- Post Purchase Behaviour - After the purchase the consumer may experience post purchase dissonance feeling that buying another product would have been better. addressing post purchase dissonance spreads good word for the product and increases the chance of frequent repurchase.
Nobel laureate Herbert A. Simon sees economic decision-making as a vain attempt to be rational. He claims (in 1947 and 1957) that if a complete analysis is to be done, a decision will be immensely complex. He also says that peoples' information processing ability is limited. The assumption of a perfectly rational economic actor is unrealistic. Consumers are influenced by emotional and nonrational considerations making attempts to be rational only partially successful.
Models of buyer decision-making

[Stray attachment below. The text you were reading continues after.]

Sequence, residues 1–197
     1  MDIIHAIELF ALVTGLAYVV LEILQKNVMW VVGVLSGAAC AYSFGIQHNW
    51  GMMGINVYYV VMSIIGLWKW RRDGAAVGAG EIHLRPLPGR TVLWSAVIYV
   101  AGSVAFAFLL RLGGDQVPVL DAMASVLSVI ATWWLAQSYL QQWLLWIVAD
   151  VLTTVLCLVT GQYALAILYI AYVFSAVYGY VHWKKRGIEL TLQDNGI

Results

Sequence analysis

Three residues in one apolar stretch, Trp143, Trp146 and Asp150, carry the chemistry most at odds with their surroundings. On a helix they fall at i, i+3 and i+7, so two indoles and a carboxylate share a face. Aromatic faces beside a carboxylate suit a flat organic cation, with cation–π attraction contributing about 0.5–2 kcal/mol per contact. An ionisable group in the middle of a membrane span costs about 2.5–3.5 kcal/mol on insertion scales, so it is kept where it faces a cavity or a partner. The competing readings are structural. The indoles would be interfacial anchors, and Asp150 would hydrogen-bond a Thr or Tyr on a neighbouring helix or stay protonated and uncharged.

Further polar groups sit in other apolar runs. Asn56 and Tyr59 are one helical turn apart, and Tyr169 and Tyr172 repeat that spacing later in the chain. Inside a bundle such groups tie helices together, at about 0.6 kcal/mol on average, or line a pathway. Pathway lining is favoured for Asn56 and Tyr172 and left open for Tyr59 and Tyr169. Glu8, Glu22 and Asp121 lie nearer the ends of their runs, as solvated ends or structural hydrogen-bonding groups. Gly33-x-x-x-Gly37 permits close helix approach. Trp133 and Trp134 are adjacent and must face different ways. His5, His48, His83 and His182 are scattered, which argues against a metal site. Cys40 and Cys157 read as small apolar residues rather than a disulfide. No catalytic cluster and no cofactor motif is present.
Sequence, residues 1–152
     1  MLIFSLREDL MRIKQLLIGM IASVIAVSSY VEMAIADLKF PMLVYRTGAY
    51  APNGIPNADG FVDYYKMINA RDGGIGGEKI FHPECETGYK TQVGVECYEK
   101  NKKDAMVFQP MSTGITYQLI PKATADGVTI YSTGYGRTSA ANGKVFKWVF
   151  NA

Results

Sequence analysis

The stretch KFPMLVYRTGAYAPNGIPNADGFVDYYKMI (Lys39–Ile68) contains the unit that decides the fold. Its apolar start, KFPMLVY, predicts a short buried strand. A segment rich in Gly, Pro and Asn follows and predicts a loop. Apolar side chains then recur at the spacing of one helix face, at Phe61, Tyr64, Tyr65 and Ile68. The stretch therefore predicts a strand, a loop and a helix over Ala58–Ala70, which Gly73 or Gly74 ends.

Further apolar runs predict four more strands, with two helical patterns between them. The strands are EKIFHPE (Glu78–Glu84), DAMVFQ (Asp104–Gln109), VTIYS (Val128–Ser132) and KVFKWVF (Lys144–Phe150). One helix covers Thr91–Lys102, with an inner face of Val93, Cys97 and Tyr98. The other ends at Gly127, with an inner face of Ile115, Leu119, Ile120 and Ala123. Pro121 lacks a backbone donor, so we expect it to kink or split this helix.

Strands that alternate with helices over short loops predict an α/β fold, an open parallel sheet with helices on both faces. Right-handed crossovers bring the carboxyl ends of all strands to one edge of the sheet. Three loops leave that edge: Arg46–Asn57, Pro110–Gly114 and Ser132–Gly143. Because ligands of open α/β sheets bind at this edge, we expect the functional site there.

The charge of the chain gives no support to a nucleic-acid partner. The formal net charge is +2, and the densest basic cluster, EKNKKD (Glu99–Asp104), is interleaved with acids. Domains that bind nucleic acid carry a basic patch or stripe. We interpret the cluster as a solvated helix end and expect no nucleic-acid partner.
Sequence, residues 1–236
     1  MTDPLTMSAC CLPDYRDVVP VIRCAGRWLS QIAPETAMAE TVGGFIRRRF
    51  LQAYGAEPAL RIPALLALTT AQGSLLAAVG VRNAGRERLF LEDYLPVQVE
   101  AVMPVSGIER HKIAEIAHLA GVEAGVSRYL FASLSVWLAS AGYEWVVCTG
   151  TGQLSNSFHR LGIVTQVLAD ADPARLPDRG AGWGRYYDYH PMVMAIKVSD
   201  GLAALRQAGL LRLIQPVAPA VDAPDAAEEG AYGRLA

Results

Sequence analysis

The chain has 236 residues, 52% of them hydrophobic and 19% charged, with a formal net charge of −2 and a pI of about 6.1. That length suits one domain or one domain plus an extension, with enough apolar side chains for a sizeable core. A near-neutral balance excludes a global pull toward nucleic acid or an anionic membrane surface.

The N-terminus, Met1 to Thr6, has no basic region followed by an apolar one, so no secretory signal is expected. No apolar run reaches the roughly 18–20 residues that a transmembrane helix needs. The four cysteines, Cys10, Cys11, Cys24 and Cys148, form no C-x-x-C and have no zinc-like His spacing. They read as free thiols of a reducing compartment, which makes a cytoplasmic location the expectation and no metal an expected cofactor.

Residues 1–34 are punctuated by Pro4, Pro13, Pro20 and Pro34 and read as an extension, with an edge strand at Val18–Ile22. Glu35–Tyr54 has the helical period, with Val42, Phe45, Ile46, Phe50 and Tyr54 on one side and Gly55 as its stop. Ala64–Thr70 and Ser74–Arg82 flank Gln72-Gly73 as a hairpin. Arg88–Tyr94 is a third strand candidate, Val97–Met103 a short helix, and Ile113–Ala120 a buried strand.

In an early study of the buyer decision process literature, Frank Nicosia (Nicosia, F. 1966; pp 9–21) identified three types of buyer decision-making models. They are the univariate model (He called it the "simple scheme".) in which only one behavioural determinant was allowed in a stimulus-response type of relationship; the multi-variate model (He called it a "reduced form scheme".) in which numerous independent variables were assumed to determine buyer behaviour; and finally the "system of equations" model (He called it a "structural scheme" or "process scheme".) in which numerous functional relations (either univariate or multi-variate) interact in a complex system of equations. He concluded that only this third type of model is capable of expressing the complexity of buyer decision processes. In chapter 7, Nicosia builds a comprehensive model involving five modules. The encoding module includes determinants like "attributes of the brand", "environmental factors", "consumer's attributes", "attributes of the organization", and "attributes of the message". Other modules in the system include, consumer decoding, search and evaluation, decision, and consumption.